Progressive Era Web Quest

 

 Introduction

Progressives and Reformers [1901-1921]:

A period of reform known as the Progressive Era took shape in the late 1800's. During this time, Americans worked to fight corruption in government, reduce the power of big business, and improve society. Government became more democratic as people in many states gained the power to pass laws directly.

After years of effort, American women finally won the right to vote. African Americans and other minorities also took action against discrimination during the Progressive Era. In spite of many setbacks, they laid the groundwork for future progress in civil rights.

In today’s world, we see reminants of the Progressive Era in almost every facet of society. For example, women’s rights groups are still in effect, newspapers attempt to uncover political corruption in almost every level of government, and organizations such as MADD and SADD lobby for the enactment of legislation that will limit drunk driving.

The Progressive Era has had a lasting impact on American society.


 

 

The Quest

Reformers addressed many issues during the Progressive Era [1901-1921], including, but not limited to, women's rights, the emergence of inner city slums, equality for African Americans, and alcohol abuse within families.

 

Of the many reform movements addressed during the Progressive Era, which movement had the most positive, lasting impact on society to this day? What evidence exists in today's society to support your opinion?


 

 

The Process and Resources

In this WebQuest you will be working together with a group of students in class. This will be called your team. Each member of your team will be responsible for researching the following topics:

-The Women's Rights Movement
-Muckrakers
-The Fight for Equality
-Prohibition


There are specific tasks that must be completed by each team member. After that team member has completed his/her tasks, the group members will come together to discuss/debate the following essential questions:

**Of the many reform movements occurring during the Progressive Era, which reform movement had the most positive, lasting impact on society to this day?

**What evidence exists in today's society to support your opinion?

**Who were the key personalities related to this movement?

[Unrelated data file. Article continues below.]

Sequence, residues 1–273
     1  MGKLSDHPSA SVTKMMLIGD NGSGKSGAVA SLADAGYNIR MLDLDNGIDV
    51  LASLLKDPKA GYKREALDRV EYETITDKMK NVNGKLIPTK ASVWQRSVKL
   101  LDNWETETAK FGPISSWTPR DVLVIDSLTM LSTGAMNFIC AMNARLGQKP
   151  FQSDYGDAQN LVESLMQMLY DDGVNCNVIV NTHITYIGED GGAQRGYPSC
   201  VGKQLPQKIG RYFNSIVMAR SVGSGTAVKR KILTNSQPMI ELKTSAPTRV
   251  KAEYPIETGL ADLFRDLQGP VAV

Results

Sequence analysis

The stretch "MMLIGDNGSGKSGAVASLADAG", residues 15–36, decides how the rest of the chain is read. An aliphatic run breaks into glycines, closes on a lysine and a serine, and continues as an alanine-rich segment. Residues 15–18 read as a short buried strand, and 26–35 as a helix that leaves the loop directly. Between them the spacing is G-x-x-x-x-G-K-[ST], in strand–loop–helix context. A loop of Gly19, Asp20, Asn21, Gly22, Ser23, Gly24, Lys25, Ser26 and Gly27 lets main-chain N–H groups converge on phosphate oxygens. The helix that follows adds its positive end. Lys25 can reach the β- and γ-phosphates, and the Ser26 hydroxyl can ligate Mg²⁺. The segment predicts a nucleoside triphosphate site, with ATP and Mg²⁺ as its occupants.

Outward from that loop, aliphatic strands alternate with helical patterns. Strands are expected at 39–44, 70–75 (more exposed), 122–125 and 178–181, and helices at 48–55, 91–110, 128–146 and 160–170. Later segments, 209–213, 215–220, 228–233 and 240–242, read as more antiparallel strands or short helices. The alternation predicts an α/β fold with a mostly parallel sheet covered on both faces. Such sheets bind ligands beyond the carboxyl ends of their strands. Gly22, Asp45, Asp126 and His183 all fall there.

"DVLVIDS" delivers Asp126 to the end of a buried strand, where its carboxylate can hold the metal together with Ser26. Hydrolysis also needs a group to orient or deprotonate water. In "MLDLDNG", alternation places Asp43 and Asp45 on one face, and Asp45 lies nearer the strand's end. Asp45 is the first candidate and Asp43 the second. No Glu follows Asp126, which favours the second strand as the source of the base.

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You'll begin with everyone in your group getting some background information before dividing into roles where people on your team become experts on one part of the topic:

 

 

 Phase 1 - Background: Something for Everyone

 

In this phase, look at the links below and combine it with our classroom discussion to get a general overview of the period. This is to give you some information on the Progressive Era and to ensure that each of you begins this quest with the same amount of background knowledge.

 

 

 Phase 2 - Looking at the Movements

 

The Women's Rights Movement

The struggle for women's rights goes back many years. Prior to the American Civil War, women began to organize protests, marches, and conventions in an attempt to promote women's rights. At the turn of the century, women made some progress for their cause but many Americans were still unprepared to recognize women as equals.

Use the Internet information linked below to complete these tasks specifically related to The Women's Rights Movement:

1. Use one of the linked websites to examine the issues that women faced in the 20th century (1900's). Find one issue and write a brief summary of it that includes: a. an identification of the issue, b. how women wanted the issue resolved by the government/society, and c. what actions women undertook to become agents of change.

2. Create a timeline listing 10 [ten] historic events or people related to women's rights. Be sure to keep each event or person in chronological order. For each item write a brief summary (2-3 sentences) that elaborates on the significance of the event or person.

3. Find a political cartoon related to the Women's Rights Movement. Write a paragraph analysis of this image. 

 

  • Women's Influence- Explains how women claimed more public and leadership roles for themselves during the Progressive Era.
  • Suffrage- An introduction to the issues and arguments for and against suffrage.
  • Women's Movement Timeline- A timeline of key events in the Women's Rights Movement (1848-1994).
  • Women in the Progressive Era - Focuses on the contributions of women to the American Progressive Movement and women's suffrage in particular.
  • Votes for Women: Suffrage Pictures and Cartoons - Find political cartoons that focus on the Women's Rights Movement. To use: click on SEARCH by Keyword, type cartoon in the search box and click on SEARCH, click on the title of the cartoon you want to view, click on the cartoon to enlarge it.
  • Woman's Sphere Cartoon - Find a political cartoon focused on the Women's Rights Movement.
  • Woman Suffrage in Political Cartoons - View political cartoons related to the suffrage movement.

 

Muckrakers: Exposing the Ills of Society